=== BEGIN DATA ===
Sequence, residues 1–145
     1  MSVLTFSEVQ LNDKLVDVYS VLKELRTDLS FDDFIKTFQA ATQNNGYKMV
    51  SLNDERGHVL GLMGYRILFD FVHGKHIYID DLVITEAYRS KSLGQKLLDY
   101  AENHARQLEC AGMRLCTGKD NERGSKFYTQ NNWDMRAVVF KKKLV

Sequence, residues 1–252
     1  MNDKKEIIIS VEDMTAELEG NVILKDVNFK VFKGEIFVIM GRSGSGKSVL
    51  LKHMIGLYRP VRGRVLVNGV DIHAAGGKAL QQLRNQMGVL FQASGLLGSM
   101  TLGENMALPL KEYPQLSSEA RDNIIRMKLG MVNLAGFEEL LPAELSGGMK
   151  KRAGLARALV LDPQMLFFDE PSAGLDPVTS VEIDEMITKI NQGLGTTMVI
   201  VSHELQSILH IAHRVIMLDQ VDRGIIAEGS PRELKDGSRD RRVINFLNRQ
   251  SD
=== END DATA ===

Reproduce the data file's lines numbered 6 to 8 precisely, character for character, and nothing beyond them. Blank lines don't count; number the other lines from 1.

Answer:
     1  MNDKKEIIIS VEDMTAELEG NVILKDVNFK VFKGEIFVIM GRSGSGKSVL
    51  LKHMIGLYRP VRGRVLVNGV DIHAAGGKAL QQLRNQMGVL FQASGLLGSM
   101  TLGENMALPL KEYPQLSSEA RDNIIRMKLG MVNLAGFEEL LPAELSGGMK